Minimally Invasive Surgery—A Better Option for Your Pet

January 29, 2020

Minimally Invasive Surgery—A Better Option for Your Pet

At Virginia Veterinary Centers, our board-certified veterinary surgeons successfully perform numerous surgical procedures daily. A top priority is causing your pet minimal trauma while achieving the procedure goals, which may include removing a diseased organ, repairing a damaged structure, or collecting diagnostic tissue samples. Whenever possible, we perform minimally invasive surgery to reduce surgical trauma and reduce healing time, so your pet is back on her feet again as soon as possible.

What is minimally invasive surgery?

VVC Surgery

Minimally invasive surgery is performed through several small incisions instead of one large incision. When the surgery involves a join, abdomen, or chest, a small fiberoptic scope attached to a high-definition camera is inserted through one of the incisions to provide visualization of the surgical site, while instruments are passed through other incisions to perform the procedure. Since the incisions are considerably smaller, your pet’s discomfort and healing time are reduced, and her normal routine is minimally interrupted. When minimally invasive surgery is used to repair fractures, called minimally invasive percutaneous osteosynthesis (MIPO), fluoroscopy may be used to visualize placement of implants through small incisions without visualization of the actual fracture. This approach reduces patient discomfort and improves healing times.   


Which minimally invasive surgeries are performed at VVC?

We can access many areas within the body using minimally invasive surgery, including your pet’s joints, bones,  abdomen, and thorax, and can perform these minimally invasive procedures:

  • Arthroscopy — Arthroscopy is minimally invasive joint surgery that has long been the standard of care for human joint surgery. Arthroscopy is a better option than traditional surgery, which often involves traumatically cutting through muscle, tendons, and bone to access joints, and requires a longer healing process. The procedure can function as diagnostic and therapeutic, since it can be used to visualize damaged joint surfaces, collect samples, and surgically treat certain conditions within joints. Although almost any joint can be accessed using arthroscopy, it is particularly useful for evaluating and treating knee, shoulder, and elbow conditions.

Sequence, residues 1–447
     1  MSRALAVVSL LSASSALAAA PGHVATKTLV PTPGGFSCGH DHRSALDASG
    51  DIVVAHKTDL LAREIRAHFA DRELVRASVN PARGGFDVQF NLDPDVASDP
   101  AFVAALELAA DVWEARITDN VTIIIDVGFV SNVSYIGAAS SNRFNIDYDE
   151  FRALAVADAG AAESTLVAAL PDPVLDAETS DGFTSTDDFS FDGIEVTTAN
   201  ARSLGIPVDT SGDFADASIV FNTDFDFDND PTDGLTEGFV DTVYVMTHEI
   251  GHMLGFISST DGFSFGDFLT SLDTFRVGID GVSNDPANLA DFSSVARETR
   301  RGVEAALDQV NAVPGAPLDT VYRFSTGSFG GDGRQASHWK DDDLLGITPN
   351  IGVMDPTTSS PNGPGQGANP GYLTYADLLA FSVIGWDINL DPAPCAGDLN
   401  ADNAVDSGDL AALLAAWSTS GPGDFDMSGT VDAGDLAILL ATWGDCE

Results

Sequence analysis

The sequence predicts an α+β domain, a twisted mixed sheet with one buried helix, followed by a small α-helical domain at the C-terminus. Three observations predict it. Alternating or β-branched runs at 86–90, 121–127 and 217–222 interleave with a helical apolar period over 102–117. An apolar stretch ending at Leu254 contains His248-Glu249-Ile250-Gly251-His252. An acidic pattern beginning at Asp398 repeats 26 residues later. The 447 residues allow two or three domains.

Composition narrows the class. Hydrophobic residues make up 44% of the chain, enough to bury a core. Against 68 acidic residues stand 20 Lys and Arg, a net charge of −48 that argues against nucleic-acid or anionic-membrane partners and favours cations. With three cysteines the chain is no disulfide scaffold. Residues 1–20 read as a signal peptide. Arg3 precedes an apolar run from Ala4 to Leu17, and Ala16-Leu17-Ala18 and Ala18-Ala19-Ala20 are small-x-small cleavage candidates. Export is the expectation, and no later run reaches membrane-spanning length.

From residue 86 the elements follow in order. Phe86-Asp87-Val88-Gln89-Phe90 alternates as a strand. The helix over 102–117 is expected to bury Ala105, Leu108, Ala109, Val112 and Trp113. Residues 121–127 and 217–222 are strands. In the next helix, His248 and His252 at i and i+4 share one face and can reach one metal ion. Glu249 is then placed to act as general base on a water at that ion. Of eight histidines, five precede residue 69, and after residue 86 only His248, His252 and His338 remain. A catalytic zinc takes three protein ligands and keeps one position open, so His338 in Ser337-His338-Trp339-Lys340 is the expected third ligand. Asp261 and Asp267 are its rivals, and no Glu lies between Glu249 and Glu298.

• Laparoscopy — Laparoscopy is a minimally invasive surgery of the abdominal cavity, which uses a rigid fiberoptic scope with a high-definition camera on the end that is inserted through a small abdominal incision to provide visualization of the surgical site. Similar to laparoscopy in humans, carbon dioxide (CO2) is infused to distend the abdominal cavity for better visualization. Additional small incisions are used to place portals through which various tools can be passed to cut or ligate (tie/close off) tissue, and collect diagnostic samples. Laparoscopy can be used for a variety of abdominal surgeries, but is becoming an increasingly popular method to perform ovariectomy, a minimally invasive alternative to traditional ovariohysterectomy (OHE or spay) to prevent reproduction in female pets. Laparoscopy is also commonly used to perform prophylactic gastropexy surgery in dog breeds predisposed to developing gastric dilation volvulus (GDV or bloat), which causes life-threatening stomach dilation and rotation. Minimally invasive surgery can also be used to collect biopsy samples from various abdominal organs, such as the liver and spleen.
  • VVC Minimally Invasive SurgeryThoracoscopy — Opening a pet’s thoracic (i.e., chest) cavity has typically involved cutting through the muscle between ribs or cutting through the sternum, which causes significant pain and a lengthy healing process. Thoracoscopy is a minimally invasive alternative that eliminates the need to open your pet’s thorax and dramatically reduces her pain and recovery time. Thoracoscopy is most commonly used to treat diseases involving the pericardium, which is the membrane surrounding the heart. Fluid can accumulate in the pericardium and compress the heart, causing heart failure. With thoracoscopy, instead of opening the thoracic cavity and completely removing the pericardium, a small window is made in the membrane to drain the fluid and return normal heart function.
  • Minimally invasive percutaneous osteosynthesis (MIPO) — Fluoroscopy, a form of radiograph (X-ray), may be used to visualize the fracture and placement of implants through small incisions without the need for a large incision and dissection through muscle to visualize the actual fracture. This approach reduces patient discomfort and improves healing times. Fractures that may be amenable to MIPO include fractures of the long bones (radius, humerus, tibia, femur) of adult and juvenile pets as well as certain growth plate fractures of juveniles.

Is my pet a candidate for minimally invasive surgery?

Although we can perform many minimally invasive surgical procedures, some procedures still require us to access your pet’s body cavity through a larger incision. If your family veterinarian refers your pet to us, our surgeons will evaluate her case and determine whether a minimally invasive procedure will provide the best results. 


If your pet requires surgery, contact us to determine whether a minimally invasive procedure is best for your pet’s needs.